American Life Poetry

Published on Wed, Jun 10, 2009 by Ted Kooser Former U.S. Poet Laureate

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As we all know, getting older isn’t hard to do. Time continues on. In this poem, Deborah Warren of Massachusetts asks us to think about the life lived between our past and present selves, as indicated in the marginal comments of an old book. There’s something beautiful about books allowing us to talk to who we once were, and this poem captures this beauty.

Marginalia

Finding an old book on a
basement shelf—
gray, spine bent—and reading it
again,
I met my former, unfamiliar,
self,
some of her notes and scrawls
so alien

that, though I tried, I couldn’t
get (behind
this gloss or that) back to the
time she wrote
to guess what experiences she
had in mind,
the living context of some
scribbled note;

or see the girl beneath the
purple ink
who chose this phrase or that to
underline,
the mood, the boy, that lay
behind her thinking—
but they were thoughts I
recognized as mine;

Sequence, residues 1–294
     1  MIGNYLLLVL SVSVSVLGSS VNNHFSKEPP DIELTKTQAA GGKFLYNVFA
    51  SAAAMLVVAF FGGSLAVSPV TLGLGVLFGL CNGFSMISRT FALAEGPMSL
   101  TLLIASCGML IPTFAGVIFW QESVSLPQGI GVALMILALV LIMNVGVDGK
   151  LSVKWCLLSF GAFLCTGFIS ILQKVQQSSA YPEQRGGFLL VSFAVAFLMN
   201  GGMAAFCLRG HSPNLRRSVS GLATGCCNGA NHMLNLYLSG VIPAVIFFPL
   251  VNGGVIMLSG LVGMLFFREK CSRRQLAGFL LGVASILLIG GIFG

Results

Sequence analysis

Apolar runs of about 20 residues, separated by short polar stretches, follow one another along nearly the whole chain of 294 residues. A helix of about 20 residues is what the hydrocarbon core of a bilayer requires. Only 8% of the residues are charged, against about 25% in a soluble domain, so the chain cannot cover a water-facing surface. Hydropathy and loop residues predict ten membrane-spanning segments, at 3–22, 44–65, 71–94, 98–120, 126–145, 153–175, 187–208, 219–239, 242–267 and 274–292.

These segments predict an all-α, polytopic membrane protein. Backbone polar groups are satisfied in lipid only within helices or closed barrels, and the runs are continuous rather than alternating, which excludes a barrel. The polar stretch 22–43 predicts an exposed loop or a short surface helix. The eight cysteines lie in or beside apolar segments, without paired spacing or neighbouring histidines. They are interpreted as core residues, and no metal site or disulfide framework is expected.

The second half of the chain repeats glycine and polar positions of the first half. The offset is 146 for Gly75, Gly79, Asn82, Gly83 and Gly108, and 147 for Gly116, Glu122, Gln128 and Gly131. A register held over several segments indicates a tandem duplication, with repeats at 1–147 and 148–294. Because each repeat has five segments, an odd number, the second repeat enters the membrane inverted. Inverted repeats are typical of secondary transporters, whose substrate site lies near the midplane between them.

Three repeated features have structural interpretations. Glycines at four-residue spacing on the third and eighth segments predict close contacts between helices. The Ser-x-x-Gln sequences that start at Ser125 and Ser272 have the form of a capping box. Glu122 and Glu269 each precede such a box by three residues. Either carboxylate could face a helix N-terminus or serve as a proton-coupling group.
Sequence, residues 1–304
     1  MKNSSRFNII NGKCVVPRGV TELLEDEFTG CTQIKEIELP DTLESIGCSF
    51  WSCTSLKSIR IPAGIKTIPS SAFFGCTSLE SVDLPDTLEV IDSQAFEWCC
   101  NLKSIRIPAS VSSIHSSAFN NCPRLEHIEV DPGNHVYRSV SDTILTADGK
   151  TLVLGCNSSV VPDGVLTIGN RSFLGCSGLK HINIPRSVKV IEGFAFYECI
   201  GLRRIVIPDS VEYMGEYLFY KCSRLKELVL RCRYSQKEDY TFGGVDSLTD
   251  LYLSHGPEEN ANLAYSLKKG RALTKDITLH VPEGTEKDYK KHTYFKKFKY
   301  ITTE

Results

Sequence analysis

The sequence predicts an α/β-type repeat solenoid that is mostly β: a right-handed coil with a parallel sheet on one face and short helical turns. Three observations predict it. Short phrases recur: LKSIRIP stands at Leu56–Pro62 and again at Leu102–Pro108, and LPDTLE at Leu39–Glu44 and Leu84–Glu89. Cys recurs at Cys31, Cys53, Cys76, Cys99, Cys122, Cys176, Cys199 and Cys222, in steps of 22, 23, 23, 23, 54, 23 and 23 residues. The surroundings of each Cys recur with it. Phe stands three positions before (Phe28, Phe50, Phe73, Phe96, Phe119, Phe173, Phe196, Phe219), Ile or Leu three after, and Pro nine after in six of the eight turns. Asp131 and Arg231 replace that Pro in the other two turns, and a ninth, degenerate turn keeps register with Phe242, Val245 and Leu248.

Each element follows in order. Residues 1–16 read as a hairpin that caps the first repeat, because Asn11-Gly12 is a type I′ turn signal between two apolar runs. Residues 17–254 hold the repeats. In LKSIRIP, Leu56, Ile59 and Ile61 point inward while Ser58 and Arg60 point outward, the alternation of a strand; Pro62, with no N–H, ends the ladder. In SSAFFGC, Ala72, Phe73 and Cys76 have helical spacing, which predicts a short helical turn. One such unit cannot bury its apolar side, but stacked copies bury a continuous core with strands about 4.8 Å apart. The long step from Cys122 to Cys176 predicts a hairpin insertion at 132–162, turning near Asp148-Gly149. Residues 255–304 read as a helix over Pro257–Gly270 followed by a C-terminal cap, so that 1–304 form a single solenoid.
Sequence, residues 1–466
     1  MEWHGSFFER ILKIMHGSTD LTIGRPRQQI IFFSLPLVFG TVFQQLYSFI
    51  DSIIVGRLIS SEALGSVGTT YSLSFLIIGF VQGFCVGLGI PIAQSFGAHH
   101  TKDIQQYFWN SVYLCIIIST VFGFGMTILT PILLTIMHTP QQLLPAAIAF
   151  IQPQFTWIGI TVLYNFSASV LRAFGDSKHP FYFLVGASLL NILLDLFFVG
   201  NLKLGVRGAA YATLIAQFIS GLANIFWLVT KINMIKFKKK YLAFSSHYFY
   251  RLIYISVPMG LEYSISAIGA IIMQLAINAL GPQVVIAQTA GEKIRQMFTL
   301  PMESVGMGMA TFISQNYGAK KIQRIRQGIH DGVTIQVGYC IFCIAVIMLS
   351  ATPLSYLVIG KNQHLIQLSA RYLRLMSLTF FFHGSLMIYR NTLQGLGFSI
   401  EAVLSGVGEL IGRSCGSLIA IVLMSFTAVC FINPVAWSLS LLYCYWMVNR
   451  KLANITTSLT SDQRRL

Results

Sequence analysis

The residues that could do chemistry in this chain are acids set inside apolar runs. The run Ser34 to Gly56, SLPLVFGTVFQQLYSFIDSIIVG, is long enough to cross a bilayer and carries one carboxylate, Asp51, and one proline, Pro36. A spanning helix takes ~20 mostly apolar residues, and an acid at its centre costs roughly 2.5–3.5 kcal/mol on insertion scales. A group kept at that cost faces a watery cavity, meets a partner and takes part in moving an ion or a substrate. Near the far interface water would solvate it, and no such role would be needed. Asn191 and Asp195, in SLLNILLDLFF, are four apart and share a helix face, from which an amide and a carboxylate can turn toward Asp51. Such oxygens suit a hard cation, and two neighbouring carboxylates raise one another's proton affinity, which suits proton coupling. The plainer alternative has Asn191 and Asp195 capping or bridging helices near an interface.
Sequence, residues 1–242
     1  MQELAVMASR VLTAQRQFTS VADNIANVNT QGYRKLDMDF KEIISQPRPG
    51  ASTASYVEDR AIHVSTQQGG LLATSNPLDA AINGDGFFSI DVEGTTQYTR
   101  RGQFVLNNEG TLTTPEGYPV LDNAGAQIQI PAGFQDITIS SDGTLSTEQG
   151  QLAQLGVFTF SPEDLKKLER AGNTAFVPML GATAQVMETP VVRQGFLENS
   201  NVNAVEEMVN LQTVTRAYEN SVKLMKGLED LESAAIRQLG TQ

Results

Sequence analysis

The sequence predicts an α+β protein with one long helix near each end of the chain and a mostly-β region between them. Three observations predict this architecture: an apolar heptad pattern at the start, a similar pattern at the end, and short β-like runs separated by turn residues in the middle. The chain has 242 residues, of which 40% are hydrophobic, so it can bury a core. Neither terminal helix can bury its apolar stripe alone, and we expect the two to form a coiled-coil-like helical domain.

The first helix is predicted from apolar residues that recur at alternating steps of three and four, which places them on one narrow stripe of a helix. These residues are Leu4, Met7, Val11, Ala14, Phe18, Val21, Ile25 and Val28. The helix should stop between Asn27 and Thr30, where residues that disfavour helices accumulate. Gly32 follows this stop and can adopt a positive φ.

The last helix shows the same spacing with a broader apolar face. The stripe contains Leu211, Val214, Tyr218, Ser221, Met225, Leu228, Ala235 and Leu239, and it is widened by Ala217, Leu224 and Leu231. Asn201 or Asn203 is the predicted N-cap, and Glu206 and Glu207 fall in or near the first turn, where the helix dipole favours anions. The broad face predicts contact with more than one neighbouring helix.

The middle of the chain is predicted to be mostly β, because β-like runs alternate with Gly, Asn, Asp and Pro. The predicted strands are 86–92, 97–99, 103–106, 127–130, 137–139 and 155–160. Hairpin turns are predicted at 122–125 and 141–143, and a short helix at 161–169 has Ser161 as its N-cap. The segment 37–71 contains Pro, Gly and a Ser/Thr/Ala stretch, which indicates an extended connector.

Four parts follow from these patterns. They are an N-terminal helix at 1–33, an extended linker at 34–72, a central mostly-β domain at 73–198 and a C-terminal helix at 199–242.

and though there were words I
couldn’t even read,
blobs and cross-outs; and
though not a jot
remained of her old existence—
I agreed
with the young annotator’s every
thought:

A clever girl. So what would she
see fit
to comment on—and what
would she have to say
about the years that she and I
have written
since—before we put the book
away?

American Life in Poetry is made possible by The Poetry Foundation, publisher of Poetry magazine. It is also supported by the Department of English at the University of Nebraska-Lincoln. Poem copyright (c)2008 by Deborah Warren, whose most recent book of poems is “Dream with Flowers and Bowl of Fruit,” University of Evansville Press, 2008.